:lwCys takes one of his you'ger (Ia
ters with him when h1- goes for
afternoon drive. A develop:nelit of
idea is the current fad of mothers
ing their photographs taken with 1
children grouped around them. Y
was only a few years :igo when
"family pictures" were thonght te
long exclusively to Coney Island. I
tirely that man Roosevelt is getti
fllowi ng.-Newark Advertiser.
Care in Dre.sinz.
The well-dr(sepid wonmn is alwa
woian of keen intelligence and 1
powr. No seneless doll knows
to dress. She may don gaudy rain
spcnd a fortune on a gown so utt
inappropriate to the ocasion that
can only feel an intense pity for
but no one wonId ever dream of
ing the burden of her sin against
form and good taste at the dooi
the whole of her sex, says the W
Tile woman who dresses well,
conformity withl her age. her w
and1( her position in society. ehoo:
neither extreme of the preval
modes, but striking a hlappy medi
is the woman who has brains
uses them to make good selec
from the fashions of the day. I
tile well-groomed, suitably gon~
woman who att ills sucess, who
inl business or social life.
The age of the blue stocking
passed. and nowadays the woman
dresses unbecomingly through chi
and not for the sake of economy is
garded as5 eitheor mentally weak o1
seeking some eccentric form of
advertisemneit. which is but anlo
phase of unpardonable vanity. In
commeial world the dowdy, insig
cant woman, even if she has me
aility. is at a discount whenc
pred with thle well-dressed won
contidient and smiling, with1 bright
paity written all ovcr 11cr comely
Tile latter has learnled an esser
fact -thlat confidencee is horn of
clo";es: and therefore. witil gem
raini power, rea sons the necessit:
making the most of :tll her
points. By doing tis she Cengeh
the feeling that her dress :adds to
apcarance. she knows that it is
ished in every detail, and thus
suredl. her business. assumes first
portance and success is gained by
forgetf'ulnless of self.
The woman orator, the actress.
singer, the musician,. all undrrst
"thle phlilosophly of clothecs" as a po'
fuli adjunct to their peronality.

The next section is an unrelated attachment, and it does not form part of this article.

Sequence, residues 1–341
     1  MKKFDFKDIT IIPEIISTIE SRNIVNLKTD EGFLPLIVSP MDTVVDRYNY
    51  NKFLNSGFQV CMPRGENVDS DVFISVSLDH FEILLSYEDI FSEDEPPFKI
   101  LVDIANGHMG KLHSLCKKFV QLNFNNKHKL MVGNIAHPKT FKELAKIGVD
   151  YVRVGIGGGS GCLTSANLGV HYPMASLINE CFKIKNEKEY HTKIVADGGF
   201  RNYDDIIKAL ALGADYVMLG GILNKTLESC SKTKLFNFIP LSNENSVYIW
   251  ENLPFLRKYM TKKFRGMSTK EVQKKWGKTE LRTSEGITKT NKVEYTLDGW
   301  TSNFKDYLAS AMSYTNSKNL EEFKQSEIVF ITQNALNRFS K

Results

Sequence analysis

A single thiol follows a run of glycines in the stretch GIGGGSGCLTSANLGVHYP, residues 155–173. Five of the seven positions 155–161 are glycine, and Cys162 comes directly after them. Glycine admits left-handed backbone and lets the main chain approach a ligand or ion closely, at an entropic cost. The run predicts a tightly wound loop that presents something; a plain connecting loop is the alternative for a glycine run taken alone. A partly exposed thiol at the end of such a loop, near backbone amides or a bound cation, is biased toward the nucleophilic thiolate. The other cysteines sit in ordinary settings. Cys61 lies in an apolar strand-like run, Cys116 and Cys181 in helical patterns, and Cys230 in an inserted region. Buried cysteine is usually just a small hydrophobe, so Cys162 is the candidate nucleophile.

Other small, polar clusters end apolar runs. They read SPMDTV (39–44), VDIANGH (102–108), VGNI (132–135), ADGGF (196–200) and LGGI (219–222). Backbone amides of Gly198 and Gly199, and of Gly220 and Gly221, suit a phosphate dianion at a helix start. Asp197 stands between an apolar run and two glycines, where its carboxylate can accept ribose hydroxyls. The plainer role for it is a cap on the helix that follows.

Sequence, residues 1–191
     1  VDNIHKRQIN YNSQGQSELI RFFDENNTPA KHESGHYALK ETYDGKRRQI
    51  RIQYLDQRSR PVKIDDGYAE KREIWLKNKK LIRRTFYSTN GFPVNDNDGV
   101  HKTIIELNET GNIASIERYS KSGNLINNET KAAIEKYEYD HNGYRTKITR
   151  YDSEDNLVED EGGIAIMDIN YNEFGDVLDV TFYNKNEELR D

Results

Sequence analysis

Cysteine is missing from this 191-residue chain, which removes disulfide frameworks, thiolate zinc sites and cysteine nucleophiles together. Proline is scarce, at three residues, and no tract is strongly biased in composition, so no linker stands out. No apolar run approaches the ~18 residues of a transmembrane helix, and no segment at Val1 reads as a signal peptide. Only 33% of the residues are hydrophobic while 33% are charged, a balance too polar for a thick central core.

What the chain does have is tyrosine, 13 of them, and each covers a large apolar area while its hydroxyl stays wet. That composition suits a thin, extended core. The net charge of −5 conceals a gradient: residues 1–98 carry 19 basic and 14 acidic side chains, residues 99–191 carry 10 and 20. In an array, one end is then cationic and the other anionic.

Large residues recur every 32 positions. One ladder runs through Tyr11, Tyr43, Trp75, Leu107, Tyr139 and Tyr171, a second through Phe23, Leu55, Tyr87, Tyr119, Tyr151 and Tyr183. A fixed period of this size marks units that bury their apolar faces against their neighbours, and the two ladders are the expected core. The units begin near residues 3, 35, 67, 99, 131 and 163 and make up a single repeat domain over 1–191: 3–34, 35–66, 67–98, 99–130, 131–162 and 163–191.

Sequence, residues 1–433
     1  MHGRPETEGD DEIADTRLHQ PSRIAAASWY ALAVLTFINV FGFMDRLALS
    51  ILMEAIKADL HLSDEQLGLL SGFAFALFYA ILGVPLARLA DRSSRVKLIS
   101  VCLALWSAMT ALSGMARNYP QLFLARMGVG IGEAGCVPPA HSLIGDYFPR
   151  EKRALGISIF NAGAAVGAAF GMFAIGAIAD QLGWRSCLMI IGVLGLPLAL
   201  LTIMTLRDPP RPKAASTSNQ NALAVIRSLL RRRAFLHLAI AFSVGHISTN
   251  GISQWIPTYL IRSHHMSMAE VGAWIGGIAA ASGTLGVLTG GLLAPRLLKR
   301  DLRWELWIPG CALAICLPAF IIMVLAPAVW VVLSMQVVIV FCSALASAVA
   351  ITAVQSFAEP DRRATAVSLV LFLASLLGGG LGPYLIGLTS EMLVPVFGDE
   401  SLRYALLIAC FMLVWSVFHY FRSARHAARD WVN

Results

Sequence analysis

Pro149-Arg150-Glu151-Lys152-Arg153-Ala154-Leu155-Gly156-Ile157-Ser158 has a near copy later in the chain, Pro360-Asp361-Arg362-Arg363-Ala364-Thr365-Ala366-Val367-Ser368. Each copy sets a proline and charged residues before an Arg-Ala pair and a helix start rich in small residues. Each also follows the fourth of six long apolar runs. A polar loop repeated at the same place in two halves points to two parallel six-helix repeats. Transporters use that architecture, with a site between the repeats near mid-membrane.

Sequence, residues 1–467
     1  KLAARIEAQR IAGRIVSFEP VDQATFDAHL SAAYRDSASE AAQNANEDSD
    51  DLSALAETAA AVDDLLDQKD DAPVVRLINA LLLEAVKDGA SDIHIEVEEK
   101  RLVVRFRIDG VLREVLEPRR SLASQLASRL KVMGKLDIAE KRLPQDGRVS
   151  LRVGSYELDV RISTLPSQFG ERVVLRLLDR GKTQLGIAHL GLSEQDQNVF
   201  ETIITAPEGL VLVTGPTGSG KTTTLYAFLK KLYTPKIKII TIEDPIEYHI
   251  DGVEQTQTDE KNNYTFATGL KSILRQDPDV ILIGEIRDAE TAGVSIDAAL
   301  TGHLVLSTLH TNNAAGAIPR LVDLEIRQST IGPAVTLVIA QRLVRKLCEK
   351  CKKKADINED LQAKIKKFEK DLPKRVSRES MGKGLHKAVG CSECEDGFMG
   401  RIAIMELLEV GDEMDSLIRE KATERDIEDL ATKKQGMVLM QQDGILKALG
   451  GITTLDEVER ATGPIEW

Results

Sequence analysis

this personality is to them of as r
mount importance as thleir own ind
W'hite lirn 'oat suits tailored
heavily em'isreidered art showni.
longt coat suits, whiill a~tre edeal
M')st of tile sopalte cea:s ar:
All sorts of elioris ha~ve been r
to introduc'e the wearing of airtif
lowers as corsage ornamnents. bu
ar the American womlan will
noneO of it.
Skirts grow wider and wider. ]
thet mioderate ones are no0w at
five yardis around tile hema. whlile
are not too many to be considered
skirts of thin mlateria].
Thlere are mnethods of laundering
leaning wichl are secrets to tile w
in general, but whlich make It posi
and even practical to make wash
rics into such dainty creations.
-The r sibilities of the silk con
basque& 'tdice, with a sheer skirt:i
not bee: -:hausted, and the dressi
ers are ylng with one anothei
ringing d.arming variations upon
The semi-tailored gown is the h
outgrowth. The skirts of these go
are as correct in line and- finish as
tailor's art can make tl~em. While
jakets or coats are exquisitely n:
How to Secure Good Roads.
IO IS newspaper isver
0 SO much in earnest in the d
0n1 0 sire to see a system of im
peo- proved highways in th
he- 03V country. its editor know
P"o- that no systematic highway improv(
boit ment ean he had excer-pt by a gre:
Iny. national movement, such as has bee
em outlinEd in the Brownlow-Latiner bill
in Congress. The people of'this Stat
aliCe have an interest in the highways o
e of its sister States. Highway travel doe
auch not stop at State lines any more tha:
the river transportation stops where th
alth. waterways pass from one State to ar
enle- other, or railroad transportalion whet
do, the railroads cross State lines. IIhzl
with way Improvement is sooner or latc
Pos- to be recognized as a function of th
?rest Government. The Government cou
tant prises a union of States of mutual ir
for terests, and interdependent, each obl
mus gatd to the other in a compact for th
how general national welfare. We do no
believe any question. present or proh
able, is more pregnant with import
ance to all the people than that of na
te of tional aid to good roads. and we wan
>ther to suggest to our read(ers that the onl:
way this aid ean he secured is for th
But people to demand it. The Senate Com
'fl mittee on Agriculture a year ago fav